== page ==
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Thu 31 Mar 2022

EPC Legislation

EPC’s – we all know we need one but what exactly is it telling me?

What is an EPC

An EPC (Energy Performance Certificate) gives detailed information about the energy efficiency of your property and carbon dioxide emissions. 

It is issued once an Energy Assessment survey has been carried out on the property by an accredited domestic energy assessor.  During the survey, internal and external inspections will be made to determine how efficient the property currently is and what possible level of efficiency could be reached once recommendations have been implemented.

What does an EPC Include?

-          Information about a property’s energy use, carbon emissions and typical energy costs

-          Recommendations about how to reduce energy use and save money

How is it scored?

EPC’s are band scored (A-G) ‘Band A’ being the most efficient and ‘Band G’ being the least efficient, alongside the band rating there is a number rating (max 100) – again the higher the score, the better the energy-efficiency of the property.  It’s common for newer properties to have a higher rating due to building materials being designed for better energy efficiency.

Why do I need an EPC?

An EPC is legally required whenever a property is built, sold or rented.  You must provide an EPC to potential buyers and tenants before you market the property.

What if my EPC has expired?

EPC certificates are valid for 10 years and you are not automatically required to get a new one unless you intend to let the property to a new tenant or sell the property.


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How are EPC Requirements changing?

Currently, under the minimum energy efficiency standards (MEES) properties need to achieve a level E or above.  The property cannot be let with a rating of F or G unless it has been registered on the PRS Exemption Register.  The government have advised that from 2025 all rental properties will need to achieve an EPC rating of C or above, these changes will be introduced to new tenancies first but rolled out to all tenancies from 2028.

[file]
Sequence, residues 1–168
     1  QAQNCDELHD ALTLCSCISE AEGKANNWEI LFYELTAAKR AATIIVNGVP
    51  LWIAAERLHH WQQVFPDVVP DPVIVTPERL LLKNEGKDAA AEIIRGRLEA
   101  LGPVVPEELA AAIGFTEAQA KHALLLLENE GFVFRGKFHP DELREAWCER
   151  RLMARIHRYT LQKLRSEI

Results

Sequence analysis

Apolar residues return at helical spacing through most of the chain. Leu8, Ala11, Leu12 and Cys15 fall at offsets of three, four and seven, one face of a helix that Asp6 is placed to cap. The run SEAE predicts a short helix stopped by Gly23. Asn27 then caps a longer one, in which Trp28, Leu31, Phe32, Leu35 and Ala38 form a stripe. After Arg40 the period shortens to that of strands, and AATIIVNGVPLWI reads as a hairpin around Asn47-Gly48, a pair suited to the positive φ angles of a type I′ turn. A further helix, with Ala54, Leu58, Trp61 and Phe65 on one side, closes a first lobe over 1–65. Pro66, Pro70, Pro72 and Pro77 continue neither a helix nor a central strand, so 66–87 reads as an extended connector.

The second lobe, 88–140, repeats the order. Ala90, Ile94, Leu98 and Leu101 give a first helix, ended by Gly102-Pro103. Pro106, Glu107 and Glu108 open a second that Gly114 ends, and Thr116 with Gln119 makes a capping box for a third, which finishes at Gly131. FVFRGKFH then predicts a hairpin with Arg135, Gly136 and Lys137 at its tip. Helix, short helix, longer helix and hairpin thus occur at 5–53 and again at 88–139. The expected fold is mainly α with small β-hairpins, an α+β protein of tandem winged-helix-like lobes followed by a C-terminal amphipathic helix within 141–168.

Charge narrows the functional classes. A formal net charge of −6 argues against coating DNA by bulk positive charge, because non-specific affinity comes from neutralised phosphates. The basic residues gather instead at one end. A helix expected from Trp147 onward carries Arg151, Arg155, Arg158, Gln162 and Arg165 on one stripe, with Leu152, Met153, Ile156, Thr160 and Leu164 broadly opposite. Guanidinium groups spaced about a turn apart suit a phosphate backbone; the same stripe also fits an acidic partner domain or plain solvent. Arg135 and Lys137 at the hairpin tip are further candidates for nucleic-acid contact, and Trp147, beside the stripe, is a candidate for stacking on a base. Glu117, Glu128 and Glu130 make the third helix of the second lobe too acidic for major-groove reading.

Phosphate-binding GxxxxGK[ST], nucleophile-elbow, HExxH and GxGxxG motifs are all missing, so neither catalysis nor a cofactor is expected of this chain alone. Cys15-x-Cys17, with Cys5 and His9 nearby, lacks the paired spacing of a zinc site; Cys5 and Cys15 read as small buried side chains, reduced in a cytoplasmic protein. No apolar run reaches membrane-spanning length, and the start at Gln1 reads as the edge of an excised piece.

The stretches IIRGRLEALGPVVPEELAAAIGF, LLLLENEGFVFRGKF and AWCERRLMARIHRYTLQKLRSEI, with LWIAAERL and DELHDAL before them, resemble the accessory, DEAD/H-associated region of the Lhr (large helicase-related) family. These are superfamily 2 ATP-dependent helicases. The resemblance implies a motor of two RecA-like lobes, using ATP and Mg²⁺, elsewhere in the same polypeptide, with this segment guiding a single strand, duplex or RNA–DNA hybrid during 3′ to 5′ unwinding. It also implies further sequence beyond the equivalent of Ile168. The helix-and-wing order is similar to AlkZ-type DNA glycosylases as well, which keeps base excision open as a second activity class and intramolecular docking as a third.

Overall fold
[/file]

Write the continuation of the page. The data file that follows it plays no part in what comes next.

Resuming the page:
This regulation has been implemented to make homes more energy efficient and reduce carbon emissions as part of the government goal to be net zero by 2050.  The penalty for non-compliance will be raised from £5,000 to £30,000 from 2025.

Obviously if your property is currently a band E – getting it to a band C will require investment, and landlords have a legal responsibility to carry out the EPC recommendations.  Currently there is a cap at £3,500 spend and if the recommended changes exceed this amount you can apply for a high-cost exemption via the PRS Exemption Register. In line with the other changes for 2025, this cap is being raised to £10,000.  The Government estimate average recommended improvements to cost £4,700, and encourage you to apply for the green homes grant which will cover at least two thirds of the improvements of PRS properties up to a contribution of £5000.

What properties are exempt from EPC requirements?

-          Listed or protected properties where the recommended improvements would unacceptably alter the character of the property
           (If you have one of these it's recommended to get advice from your local authority conservation officer)

-          Temporary Buildings that will be used for 2 years or less

-          Stand-alone buildings with floor space of less than 50 square meters

-          Some buildings that are due to be demolished

EPC Register

You can look for your EPC here: